I'd say we'll be close to a second half decline of 1.8-2.2% so, which doesn't sound like much. But it is, on top of what we've already taken.

If the Fed doesn't seize control of the dollar, the DementoDollar will bring us another 3-4% contraction by 2011. I think I'd prefer to take my medicine now.

In the meantime, anyone who thinks that just voting for Republicans will kill the DementoDollar needs to get a grip and contemplate Isakson (R, GA), who is pushing his 15K buy a home, get a bunch of DementoDollars free program. Any home. The DementoDollar is a bipartisan effort. Needless to say, it's not much a value for the people who use the DementoDollars unless they plan to be in the house for about forever, because as soon as the Federal Government stops paying people 15K to buy a house (any house!), home prices will collapse some more. Most Georgians can't even do percents in their heads, and it appears Isakson is no exception.

I was going to post a bunch of stuff about oil and the BP 2009 report, but tomorrow. Tomorrow. Contemplating the DementoDollar has depressed me.


See, I don't always come here for the cheerful outlook. Sometimes I come just to see what you're going to name the various economic outrages.
The best reason I can think of to vote Republican is to get back to divided government as quickly as possible. We need a healthy dose of legislative stagnation to replace the economic stagnation.

I never could have dreamed that the Clinton years would look so good.

I liked the transition from "demented Congress" to "Congressional dollar" to "demento dollar". It proves transitive properties still work.

Gas hit $3.07 a gallon today here.$3 per gallon is a breaking point for a lot of people.I like to go on Craigslist to look at high end properties from time to time,mostly as a gauge of sentiment.The price disparities are unlike anything I have ever seen as is the sheer number of homes priced over $1MM.There are some priced in the $2MM plus range that make me drool (Good land,good water,nice structures,hundreds of acres an hour from downtown SF) but most are WTF was your agent thinking?
Rick - well, that was just to give you a picture of how bond traders might be free-associating. Japan, in a frenzy, came out with a strong message of support for the USD yesterday. The poor souls are terrified. I have the pretty strong intuition that the only function of such bandaids is to back up the pressure until the bandage pops off and the blood really starts flowing again.

Besides, if the Canadian dollar is called the loonie, we have to come up with a really special name for the Congressional dollar. I think DementoDollar about covers it. The only thing we're going to be able to buy with these DDs eventually will be GM CongressWagons.

And yes, Gordon, it is an economic outrage.

Craig - I agree. A divided government might at least be a thinking government. At least the two sides might want to score points off each other.
Tom - I agree. At $3 we will have some pretty disturbed consumers.

As for the mid-upper range sales, everyone's trying to hold out for something only about 20% off what they thought their places were worth. In some areas, so little has moved that there are almost no comps. When the option ARMs force more sales, reality will begin to hit. You'll need earmuffs to drown out the agonized screams.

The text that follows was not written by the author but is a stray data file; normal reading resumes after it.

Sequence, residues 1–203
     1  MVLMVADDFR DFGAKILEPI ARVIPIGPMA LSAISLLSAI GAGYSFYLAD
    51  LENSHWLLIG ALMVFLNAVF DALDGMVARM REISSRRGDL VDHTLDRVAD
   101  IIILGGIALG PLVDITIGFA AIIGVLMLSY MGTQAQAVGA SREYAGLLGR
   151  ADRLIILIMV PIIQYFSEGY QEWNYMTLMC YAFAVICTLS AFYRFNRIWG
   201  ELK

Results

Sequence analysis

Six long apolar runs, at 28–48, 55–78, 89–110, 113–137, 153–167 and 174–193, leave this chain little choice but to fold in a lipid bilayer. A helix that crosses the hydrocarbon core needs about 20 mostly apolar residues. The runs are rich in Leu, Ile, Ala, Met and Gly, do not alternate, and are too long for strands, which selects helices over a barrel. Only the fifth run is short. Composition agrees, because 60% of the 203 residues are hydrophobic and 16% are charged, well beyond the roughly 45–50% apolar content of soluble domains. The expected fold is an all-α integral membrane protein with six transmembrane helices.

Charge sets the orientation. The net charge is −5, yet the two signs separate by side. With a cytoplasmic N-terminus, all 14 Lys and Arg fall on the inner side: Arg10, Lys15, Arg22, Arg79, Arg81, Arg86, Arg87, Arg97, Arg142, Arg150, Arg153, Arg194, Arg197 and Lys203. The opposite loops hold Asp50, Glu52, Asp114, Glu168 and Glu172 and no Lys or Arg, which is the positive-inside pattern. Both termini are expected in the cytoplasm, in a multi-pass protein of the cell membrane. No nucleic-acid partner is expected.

I'm sure somewhere there will be a politician who proposes a 200K tax credit for buyers off those homes to save the nation.
MoM,some of the properties I see are the kind of places that come on the market once a generation,if that.WATER and price are the big questions that come to mind.some of these places have good water and the prices are either economically reasonable,or close.One thing to keep in mind is that many of these large parcels can not be broken up or used for other than Agricultural purposes.I see these as a truly long term investment in some of the last good Ag land close to a large market,not fast money.A smart operator can make some of these pay a reasonable return and I suspect transportation costs will make their market proximity more valuable with time...given some degree of social stability and a continuation of the Rule of Law.Oh,wait,this is california...
I have worked for over 30 years in or near the oil sands. Many people underestimate the importance of the price of natural gas in the economics of the oil sands business. Low gas prices and reasonable oil prices make the big producers very happy indeed. With all the coal bed methane and other new North American gas supply, oil sands investments will strengthen the Loonie for years.

I'm excited that today I managed to find a quick way to explain the stark choices in front of us. Speaking to my father, I put it this way:

The baby boomers still have, in the aggregate, a huge amount of savings. Perhaps not enough to retire on, but still a big number if you add it all up. Almost everybody thinks that Washington's policies will cause inflation, and almost everybody with significant savings remembers the 1970s. Remember how baby boomers all started buying SUVs at the same time? How they all bought tech stocks at the same time? How they all bought investment real estate at the same time?